The day many drivers have been dreading has come. Today, the FMCSA’s new HOS regulations went into effect. According to a press release from the FMCSA, the agency feels the new restrictions were “designed to improve safety for the motoring public by reducing truck driver fatigue.”
“Safety is our highest priority,” said U.S. Transportation Secretary Ray LaHood. “These rules make common sense, data-driven changes to reduce truck driver fatigue and improve safety for every traveler on our highways and roads.”
The rule was announced in December 2011 and carriers have had 18 months to prepare for the change, but many drivers still have questions.
The new rule will reduce the hours a driver works each week to 70 hours. “Working long daily and weekly hours on a continuing basis is associated with chronic fatigue, a high risk of crashes, and a number of serious chronic health conditions in drivers. It is estimated that these new safety regulations will save 19 lives and prevent approximately 1,400 crashes and 560 injuries each year,” the FMCSA stated.
“The result is a fair and balanced approach that will result in an estimated $280 million in savings from fewer large truck crashes and $470 million in savings from improved driver health. Most importantly, it will save lives,” said FMCSA Administrator Anne S. Ferro
FMCSA‘s new hours-of-service final rule:
- Limits the maximum average work week for truck drivers to 70 hours, a decrease from the current maximum of 82 hours;
- Allows truck drivers who reach the maximum 70 hours of driving within a week to resume if they rest for 34 consecutive hours, including at least two nights when their body clock demands sleep the most – from 1-5 a.m., and;
- Requires truck drivers to take a 30-minute break during the first eight hours of a shift.
The final rule retains the current 11-hour daily driving limit and 14-hour work day.
Companies whose drivers are found to be in violation of the new HOS requirements by three or more hours will face an $11,000 fine. Companies and drivers that commit egregious violations of the rule could face the maximum penalties for each offense, and the drivers themselves will face a fine of up to $2,750 for each offense.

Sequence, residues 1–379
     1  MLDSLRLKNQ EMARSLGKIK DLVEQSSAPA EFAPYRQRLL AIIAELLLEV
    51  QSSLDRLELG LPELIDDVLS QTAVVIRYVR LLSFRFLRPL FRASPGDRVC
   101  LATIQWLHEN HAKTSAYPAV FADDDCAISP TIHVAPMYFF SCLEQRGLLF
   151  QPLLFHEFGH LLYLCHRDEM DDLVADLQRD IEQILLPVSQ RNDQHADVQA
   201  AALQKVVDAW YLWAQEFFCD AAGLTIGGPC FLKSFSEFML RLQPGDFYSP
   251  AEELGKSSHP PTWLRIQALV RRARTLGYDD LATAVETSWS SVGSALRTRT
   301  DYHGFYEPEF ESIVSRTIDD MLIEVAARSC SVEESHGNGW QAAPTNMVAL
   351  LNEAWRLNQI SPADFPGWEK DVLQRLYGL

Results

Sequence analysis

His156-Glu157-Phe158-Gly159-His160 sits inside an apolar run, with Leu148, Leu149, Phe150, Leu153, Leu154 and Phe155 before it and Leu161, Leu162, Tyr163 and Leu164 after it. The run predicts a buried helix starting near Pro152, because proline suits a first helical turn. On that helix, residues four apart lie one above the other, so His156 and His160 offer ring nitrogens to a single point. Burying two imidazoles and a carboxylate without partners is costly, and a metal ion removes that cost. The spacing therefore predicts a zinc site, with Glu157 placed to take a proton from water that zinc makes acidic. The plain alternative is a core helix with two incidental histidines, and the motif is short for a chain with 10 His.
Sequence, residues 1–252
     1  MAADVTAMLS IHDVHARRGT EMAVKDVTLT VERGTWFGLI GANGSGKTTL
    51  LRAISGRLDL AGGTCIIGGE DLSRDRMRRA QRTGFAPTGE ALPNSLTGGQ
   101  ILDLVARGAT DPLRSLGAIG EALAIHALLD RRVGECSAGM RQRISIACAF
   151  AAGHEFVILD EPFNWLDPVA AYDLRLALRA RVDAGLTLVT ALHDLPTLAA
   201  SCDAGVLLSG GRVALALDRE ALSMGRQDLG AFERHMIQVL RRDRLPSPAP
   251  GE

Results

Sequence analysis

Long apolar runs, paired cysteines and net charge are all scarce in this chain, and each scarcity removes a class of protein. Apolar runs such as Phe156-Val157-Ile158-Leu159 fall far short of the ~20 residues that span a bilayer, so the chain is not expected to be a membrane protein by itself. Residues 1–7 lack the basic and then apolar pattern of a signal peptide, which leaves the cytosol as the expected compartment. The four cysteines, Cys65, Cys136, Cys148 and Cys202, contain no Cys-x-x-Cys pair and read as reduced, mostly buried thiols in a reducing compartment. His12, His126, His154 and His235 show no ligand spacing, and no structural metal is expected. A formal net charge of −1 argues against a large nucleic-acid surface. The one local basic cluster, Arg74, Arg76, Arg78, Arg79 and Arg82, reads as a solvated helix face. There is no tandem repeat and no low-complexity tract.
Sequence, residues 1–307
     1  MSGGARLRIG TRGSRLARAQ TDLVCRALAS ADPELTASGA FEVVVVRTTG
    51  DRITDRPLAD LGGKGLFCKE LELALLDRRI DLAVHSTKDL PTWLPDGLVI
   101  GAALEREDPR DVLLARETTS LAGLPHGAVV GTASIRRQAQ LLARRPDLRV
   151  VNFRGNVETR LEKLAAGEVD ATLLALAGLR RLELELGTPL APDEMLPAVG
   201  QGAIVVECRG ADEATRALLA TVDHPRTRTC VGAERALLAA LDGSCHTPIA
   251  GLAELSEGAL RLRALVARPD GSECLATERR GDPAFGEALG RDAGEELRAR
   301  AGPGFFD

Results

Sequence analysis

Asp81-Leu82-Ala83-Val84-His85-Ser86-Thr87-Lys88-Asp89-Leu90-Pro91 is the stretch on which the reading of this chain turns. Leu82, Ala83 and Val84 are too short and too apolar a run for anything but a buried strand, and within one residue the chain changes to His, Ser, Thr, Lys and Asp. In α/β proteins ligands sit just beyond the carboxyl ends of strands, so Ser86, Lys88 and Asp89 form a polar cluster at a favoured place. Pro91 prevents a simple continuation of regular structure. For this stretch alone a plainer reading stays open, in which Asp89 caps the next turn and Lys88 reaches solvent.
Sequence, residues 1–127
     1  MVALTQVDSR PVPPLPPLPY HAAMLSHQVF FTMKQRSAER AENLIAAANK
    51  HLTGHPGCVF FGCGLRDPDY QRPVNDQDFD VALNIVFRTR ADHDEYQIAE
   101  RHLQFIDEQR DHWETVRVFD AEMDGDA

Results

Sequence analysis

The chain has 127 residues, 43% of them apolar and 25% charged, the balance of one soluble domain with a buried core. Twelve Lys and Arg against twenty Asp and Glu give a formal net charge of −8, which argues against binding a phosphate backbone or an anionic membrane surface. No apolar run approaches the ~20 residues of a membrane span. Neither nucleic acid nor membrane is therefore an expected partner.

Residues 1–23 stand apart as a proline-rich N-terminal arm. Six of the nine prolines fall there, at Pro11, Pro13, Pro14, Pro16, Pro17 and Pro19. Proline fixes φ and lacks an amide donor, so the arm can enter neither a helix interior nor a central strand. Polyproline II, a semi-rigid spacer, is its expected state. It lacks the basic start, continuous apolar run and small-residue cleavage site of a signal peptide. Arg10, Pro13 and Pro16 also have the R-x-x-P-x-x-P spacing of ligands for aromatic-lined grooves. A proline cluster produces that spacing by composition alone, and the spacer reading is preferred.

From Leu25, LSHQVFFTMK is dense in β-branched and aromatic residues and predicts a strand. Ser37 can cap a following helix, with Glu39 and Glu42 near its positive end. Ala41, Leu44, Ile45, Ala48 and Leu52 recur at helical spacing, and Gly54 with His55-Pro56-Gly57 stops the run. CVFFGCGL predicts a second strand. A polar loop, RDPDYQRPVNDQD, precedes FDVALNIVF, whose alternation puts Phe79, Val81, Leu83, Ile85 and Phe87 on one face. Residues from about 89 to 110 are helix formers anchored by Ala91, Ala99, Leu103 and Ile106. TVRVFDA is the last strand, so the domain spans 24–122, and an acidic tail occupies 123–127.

- Drivers must take a 30 minute rest break within the first 8 hours of coming on duty. If drivers take his rest break too early into their day, they may have to take second break.
- It would be best for the driver to take this break about 6 to 7 hours into his or her day to prevent having to take the second break.
- 34-Hour restart could result in some challenges that will impact operations.
- A driver utilizing the 34-hour restart must have two a.m. breaks from the hours of 1:00 a.m. though 5:00 a.m.
- Only restart once a week or every 168 hours.
On June 27, 2013, the Commercial Vehicle Safety Alliance issued a memo to its members clarifying how the out-of-service criteria would be impacted by the changes to the hours of service rules that take effect on July 1.
The memo confirms that drivers may be placed OOS for 60 or 70-hour violations when such violations result from a non-qualifying restart (e.g., did not include two nighttime periods from 1 – 5 a.m. or began within 168 hours of the beginning of the prior restart).
However, drivers will not be placed out-of-service when discovered to have violated the new 30-minute rest break requirement. Such violations may be noted on the roadside inspection report, but will not result in the driver being placed out-of-service. [Note: Although not a uniform approach, CVSA has indicated that drivers found in violation may be required by some States to cease operating and immediately take a 30 minute break. However, this scenario will not result in an official out-of-service order affecting the carrier’s safety records.]
Also, CVSA’s position on rest break violations is subject to change as the organization is due to revisit the issue at its upcoming Annual Conference in September.